Windows 8 and 8.1 Forums


Win 8 - four core vs. 6 core processors

  1. #1


    Posts : 15
    Windows 7-64

    Win 8 - four core vs. 6 core processors


    I'm currently using Win 7-64bit, 2X2GB, 180GB SSD, AMD 945 quad core, 880G motherboard.
    Think of getting the Win 8 upgrade, new 4 (4170) or 6 core AMD cpu, 970 motherboard.
    Would Win 8 make it worth it to get a 6 core cpu, or should I just get a faster 4 core processor (4170)?

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  2. #2


    All of my 2 and 4 core experience is with Intel CPU's, and I strongly recommend the 4 core models. Check this site...

    PassMark Software - CPU Benchmark Charts
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  3. #3


    I hate to say it, because back in the day I was an AMD guy...but if it's performance you are truly after, get rid of the budget AMD CPU's and get an Intel.

    Except in heavily multithreaded areas, I have seen very little difference between dual core and quad core CPU's. So, unless you spend all day encoding video or something else, I doubt you would see much real benefit from going from 4 AMD cores to 6 AMD cores or 8 AMD cores.
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  4. #4


    Posts : 15
    Windows 7-64


    Quote Originally Posted by pparks1 View Post
    I hate to say it, because back in the day I was an AMD guy...but if it's performance you are truly after, get rid of the budget AMD CPU's and get an Intel.

    Except in heavily multithreaded areas, I have seen very little difference between dual core and quad core CPU's. So, unless you spend all day encoding video or something else, I doubt you would see much real benefit from going from 4 AMD cores to 6 AMD cores or 8 AMD cores.
    I like using AMD because of the price and also because AMD is the under dog.
    Also because I prefer using ATI(AMD) graphics card, so I like the idea of better compatibility between motherboard chip software and graphics card software (real or imagined).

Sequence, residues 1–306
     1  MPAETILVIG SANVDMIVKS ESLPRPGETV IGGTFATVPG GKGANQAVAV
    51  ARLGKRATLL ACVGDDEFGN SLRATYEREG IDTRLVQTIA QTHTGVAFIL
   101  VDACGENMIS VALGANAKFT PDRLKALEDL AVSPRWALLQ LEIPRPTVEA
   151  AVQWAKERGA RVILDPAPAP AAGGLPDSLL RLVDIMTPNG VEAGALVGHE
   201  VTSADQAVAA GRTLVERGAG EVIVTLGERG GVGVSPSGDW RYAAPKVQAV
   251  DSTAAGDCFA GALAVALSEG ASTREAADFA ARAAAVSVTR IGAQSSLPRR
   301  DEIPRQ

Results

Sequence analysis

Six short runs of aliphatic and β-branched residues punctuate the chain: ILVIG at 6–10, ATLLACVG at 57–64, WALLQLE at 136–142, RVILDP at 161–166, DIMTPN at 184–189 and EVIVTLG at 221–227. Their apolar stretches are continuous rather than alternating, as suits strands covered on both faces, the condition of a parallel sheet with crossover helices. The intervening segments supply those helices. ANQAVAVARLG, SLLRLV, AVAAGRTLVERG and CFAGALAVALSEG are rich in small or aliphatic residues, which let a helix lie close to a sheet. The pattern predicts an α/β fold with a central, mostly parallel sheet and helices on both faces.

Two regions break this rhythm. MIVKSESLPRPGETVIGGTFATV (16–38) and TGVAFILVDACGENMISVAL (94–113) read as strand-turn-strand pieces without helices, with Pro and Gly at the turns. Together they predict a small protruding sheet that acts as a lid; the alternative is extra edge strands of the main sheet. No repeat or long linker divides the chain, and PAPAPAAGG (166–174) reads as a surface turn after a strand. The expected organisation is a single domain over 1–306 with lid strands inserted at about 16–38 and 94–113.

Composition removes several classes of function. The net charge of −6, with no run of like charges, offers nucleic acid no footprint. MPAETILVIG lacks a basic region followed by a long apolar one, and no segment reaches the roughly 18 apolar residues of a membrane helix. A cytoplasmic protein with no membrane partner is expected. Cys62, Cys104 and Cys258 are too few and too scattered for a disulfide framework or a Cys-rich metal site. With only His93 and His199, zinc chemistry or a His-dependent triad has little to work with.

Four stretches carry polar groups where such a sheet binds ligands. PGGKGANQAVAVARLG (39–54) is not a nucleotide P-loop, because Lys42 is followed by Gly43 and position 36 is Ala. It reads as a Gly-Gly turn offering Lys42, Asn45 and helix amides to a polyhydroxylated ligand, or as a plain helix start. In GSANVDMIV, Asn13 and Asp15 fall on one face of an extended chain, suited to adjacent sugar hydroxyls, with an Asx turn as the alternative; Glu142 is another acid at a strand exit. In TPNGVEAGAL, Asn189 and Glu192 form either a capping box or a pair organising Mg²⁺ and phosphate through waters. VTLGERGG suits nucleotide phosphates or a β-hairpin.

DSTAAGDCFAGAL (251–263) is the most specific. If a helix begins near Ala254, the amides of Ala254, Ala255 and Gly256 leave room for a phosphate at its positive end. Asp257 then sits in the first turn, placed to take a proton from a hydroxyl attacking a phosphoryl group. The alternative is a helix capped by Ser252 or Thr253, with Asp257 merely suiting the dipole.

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  5. #5


    I use Radeon (AMD) video cards and have no compatibility or performance issues with Intel chipsets, motherboards or CPU's. I strongly prefer Intel CPU's because they tend to perform better in a wide range of tasks, versus the AMD CPU's, which tend to perform better in a few tasks, then the same or worse than Intel on most others. I subscribe to the "buy once, cry once" policy and I buy the best CPU I can afford and it tends to last me a long time. Case in point, I bought an Intel Quad Core 6600 way back in 2007 and I'm still using it as my daily workhorse PC!
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  6. #6


    Posts : 5,707
    Windows 8.1 Pro


    Quote Originally Posted by pparks1 View Post
    I hate to say it, because back in the day I was an AMD guy...but if it's performance you are truly after, get rid of the budget AMD CPU's and get an Intel.

    Except in heavily multithreaded areas, I have seen very little difference between dual core and quad core CPU's. So, unless you spend all day encoding video or something else, I doubt you would see much real benefit from going from 4 AMD cores to 6 AMD cores or 8 AMD cores.
    I'd take a decent mulit-threaded chip for under 200 dollars that competes against a real expensive i7, where I may or may not see any other potential/performance with that.
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  7. #7


    Posts : 5,707
    Windows 8.1 Pro


    Well, this depends on your overall use for the chip.

    If you do media converting or use other programs that can effectively use the cores of the CPU, I'd take the 6 core chip. If you do considerable gaming, you might want to stick with a quad core as most modern games prefer to use a quad core, I don't think there are any or a few games that use more than four processor cores.

    For Windows 8, if you have a SSD, you could probably argue for a 6 core processor. Again, this depends on your usage scenarios. If you aren't planning to do a system upgrade for a while and will most likely keep it for at least 3+ years, I'd go with the 6 core. By that time, theoretically, PC games will start taking advantage of more CPU cores than 4, so you'd be somewhat future proofed for that. But if you want good Windows 8 performance, consider graphics over processor. Pretty much all of Windows, the apps, the GUI, IE and other programs use the GPU for visual rendering. Every modern browser after IE 9 started to use the GPU and offload that from the CPU.